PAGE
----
Andre Wadsworth

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Andre Wadsworth
No. 90
Defensive End / Linebacker
Personal information
Date of birth: (1974-10-19) October 19, 1974 (age 39)
Place of birth: St. Croix, U.S. Virgin Islands
Height: 6 ft 4 in (1.93 m) Weight: 265 lb (120 kg)
Career information
High school: Olympia Heights (FL) Florida Christian
College: Florida State
NFL Draft: 1998 / Round: 1 / Pick: 3
Debuted in 1998 for the Arizona Cardinals
Last played in 2000 for the Arizona Cardinals
Career history
*Offseason and/or practice squad member only
Career highlights and awards
  • Consensus All-American (1997)
  • ACC Player of the Year (1997)
  • ACC Defensive Player of the Year (1997)
  • First-team All-ACC (1997)
  • Second-team All-ACC (1994, 1995, 1996)
Career NFL statistics
Games played 36
Games started 30
Tackles 96
Quarterback sacks 8.0
Interceptions 1
Stats at NFL.com
Stats at pro-football-reference.com

Andre Wadsworth (born October 19, 1974) is a former American college and professional football player who was a defensive end in the National Football League (NFL) for three seasons. He played College football for Florida State University, and earned All-American honors. Wadsworth was selected in the first round of the 1998 NFL Draft by the Arizona Cardinals and he played professionally for the Cardinals.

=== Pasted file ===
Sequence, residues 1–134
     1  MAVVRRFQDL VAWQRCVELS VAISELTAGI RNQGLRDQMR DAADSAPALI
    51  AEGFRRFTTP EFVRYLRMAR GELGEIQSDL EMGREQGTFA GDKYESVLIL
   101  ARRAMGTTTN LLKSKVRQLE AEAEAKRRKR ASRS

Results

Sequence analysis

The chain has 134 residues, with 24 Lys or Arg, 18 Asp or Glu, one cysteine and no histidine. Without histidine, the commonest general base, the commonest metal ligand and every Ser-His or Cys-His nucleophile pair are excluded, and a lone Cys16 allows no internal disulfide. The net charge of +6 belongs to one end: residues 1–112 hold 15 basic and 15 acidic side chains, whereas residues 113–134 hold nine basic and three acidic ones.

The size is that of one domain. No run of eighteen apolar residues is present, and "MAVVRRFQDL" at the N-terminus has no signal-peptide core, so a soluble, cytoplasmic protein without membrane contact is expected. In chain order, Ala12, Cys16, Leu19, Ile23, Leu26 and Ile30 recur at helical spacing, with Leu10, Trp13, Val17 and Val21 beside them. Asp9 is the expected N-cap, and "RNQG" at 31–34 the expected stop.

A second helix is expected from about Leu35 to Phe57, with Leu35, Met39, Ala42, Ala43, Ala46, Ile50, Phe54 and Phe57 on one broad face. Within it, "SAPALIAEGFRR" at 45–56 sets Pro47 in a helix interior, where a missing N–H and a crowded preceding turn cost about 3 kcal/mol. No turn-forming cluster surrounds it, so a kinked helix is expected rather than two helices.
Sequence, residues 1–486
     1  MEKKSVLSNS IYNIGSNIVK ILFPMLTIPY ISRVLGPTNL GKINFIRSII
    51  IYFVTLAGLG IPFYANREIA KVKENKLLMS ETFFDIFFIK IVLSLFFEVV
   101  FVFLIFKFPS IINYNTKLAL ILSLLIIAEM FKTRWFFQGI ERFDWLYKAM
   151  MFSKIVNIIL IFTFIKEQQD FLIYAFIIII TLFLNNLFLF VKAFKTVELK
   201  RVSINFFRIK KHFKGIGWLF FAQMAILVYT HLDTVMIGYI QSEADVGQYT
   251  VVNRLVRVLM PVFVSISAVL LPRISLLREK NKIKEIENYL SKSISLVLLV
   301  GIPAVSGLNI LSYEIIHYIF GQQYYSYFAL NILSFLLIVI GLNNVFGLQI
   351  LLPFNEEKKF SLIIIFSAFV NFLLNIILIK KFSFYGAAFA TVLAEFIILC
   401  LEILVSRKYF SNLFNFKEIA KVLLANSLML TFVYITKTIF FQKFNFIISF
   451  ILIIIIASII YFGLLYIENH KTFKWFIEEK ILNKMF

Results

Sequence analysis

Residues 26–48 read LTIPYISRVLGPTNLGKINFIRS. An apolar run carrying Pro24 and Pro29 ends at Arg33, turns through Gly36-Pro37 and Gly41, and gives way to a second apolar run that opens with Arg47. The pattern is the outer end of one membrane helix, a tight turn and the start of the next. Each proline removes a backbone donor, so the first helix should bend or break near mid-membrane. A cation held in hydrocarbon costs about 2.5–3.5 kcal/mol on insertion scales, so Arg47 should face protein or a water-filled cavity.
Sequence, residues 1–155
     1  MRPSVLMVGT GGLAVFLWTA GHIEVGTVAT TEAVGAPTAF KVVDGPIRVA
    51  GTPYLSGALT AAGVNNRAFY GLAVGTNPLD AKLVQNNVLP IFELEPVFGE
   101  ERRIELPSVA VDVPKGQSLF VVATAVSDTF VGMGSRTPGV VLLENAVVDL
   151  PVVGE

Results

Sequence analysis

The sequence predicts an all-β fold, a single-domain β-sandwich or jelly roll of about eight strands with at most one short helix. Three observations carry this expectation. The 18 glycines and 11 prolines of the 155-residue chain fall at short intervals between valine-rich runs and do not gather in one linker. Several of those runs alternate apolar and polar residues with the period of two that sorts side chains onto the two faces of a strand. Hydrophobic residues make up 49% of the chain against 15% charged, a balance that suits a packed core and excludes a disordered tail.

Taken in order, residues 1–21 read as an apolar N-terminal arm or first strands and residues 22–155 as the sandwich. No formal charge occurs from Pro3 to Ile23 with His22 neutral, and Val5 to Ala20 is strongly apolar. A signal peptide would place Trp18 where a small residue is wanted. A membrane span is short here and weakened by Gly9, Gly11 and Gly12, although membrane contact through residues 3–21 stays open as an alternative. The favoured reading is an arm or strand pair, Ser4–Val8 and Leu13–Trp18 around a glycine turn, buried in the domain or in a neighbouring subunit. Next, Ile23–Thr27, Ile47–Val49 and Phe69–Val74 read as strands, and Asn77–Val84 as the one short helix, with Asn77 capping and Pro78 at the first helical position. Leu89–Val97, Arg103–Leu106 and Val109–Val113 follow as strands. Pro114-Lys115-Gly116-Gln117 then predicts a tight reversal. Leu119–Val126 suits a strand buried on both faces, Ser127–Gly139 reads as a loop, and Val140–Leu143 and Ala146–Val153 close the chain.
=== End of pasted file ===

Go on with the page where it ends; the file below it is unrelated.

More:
Early years[edit]

Wadsworth was born in St. Croix, U.S. Virgin Islands. He attended Class A Florida Christian School in Miami-Dade County, Florida, where he starred at tight end for the Florida Christian Patriots high school football team. He was named first-team All-Dade County and voted all-conference and second-team all-state as a defensive lineman. He also returned a kickoff for 98 yards for a touchdown.

College career[edit]

Wadsworth was recruited by only one small college, Stony Brook in New York. Wadsworth decided to attend Florida State University, and played for the Florida State Seminoles football team as a walk-on and eventually earned an athletic scholarship. He received second-team All-Atlantic Coast Conference (ACC) honors his freshman, sophomore and junior seasons (1994–1996) as a defensive tackle. Despite being a potential top-10 NFL Draft pick after his junior season, he stayed for his senior year, citing a pinched nerve in his neck that forced him out of four games in 1996 as a concern regarding his physical capabilities to perform for scouts at full capacity.

He switched from defensive tackle to left defensive end for his senior season, registering 59 tackles, 19 tackles for a loss and 16 quarterback sacks, placing him second in both categories in the school's all-time records. One of four finalists for the Lombardi Award, he was named first-team All-ACC and a consensus first-team All-American. He was also selected ACC Player of the Year, and ACC Defensive Player of the year in 1997.

Professional career[edit]

1998 NFL Draft[edit]

Wadsworth bench pressed 500 pounds and had a personal best in the squat of 690.[1] The Steelers' college personnel director, Tom Modrak, said: "He's like a missile when he comes off the ball. He can keep his pads low and still run full speed. He's flexible, and he's around 280 pounds."[1]